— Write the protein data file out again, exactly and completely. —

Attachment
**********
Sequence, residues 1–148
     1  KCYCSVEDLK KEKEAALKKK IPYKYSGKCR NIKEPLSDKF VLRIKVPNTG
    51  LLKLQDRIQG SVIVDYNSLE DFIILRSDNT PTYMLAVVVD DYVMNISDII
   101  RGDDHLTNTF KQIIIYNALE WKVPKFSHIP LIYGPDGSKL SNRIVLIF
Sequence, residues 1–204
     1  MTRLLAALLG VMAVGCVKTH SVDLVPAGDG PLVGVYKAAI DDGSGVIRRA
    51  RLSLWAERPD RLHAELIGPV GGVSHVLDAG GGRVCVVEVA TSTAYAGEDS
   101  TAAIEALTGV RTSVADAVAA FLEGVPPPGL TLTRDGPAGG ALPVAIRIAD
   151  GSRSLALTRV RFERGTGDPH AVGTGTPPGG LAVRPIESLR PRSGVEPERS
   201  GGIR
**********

Sequence, residues 1–148
     1  KCYCSVEDLK KEKEAALKKK IPYKYSGKCR NIKEPLSDKF VLRIKVPNTG
    51  LLKLQDRIQG SVIVDYNSLE DFIILRSDNT PTYMLAVVVD DYVMNISDII
   101  RGDDHLTNTF KQIIIYNALE WKVPKFSHIP LIYGPDGSKL SNRIVLIF
Sequence, residues 1–204
     1  MTRLLAALLG VMAVGCVKTH SVDLVPAGDG PLVGVYKAAI DDGSGVIRRA
    51  RLSLWAERPD RLHAELIGPV GGVSHVLDAG GGRVCVVEVA TSTAYAGEDS
   101  TAAIEALTGV RTSVADAVAA FLEGVPPPGL TLTRDGPAGG ALPVAIRIAD
   151  GSRSLALTRV RFERGTGDPH AVGTGTPPGG LAVRPIESLR PRSGVEPERS
   201  GGIR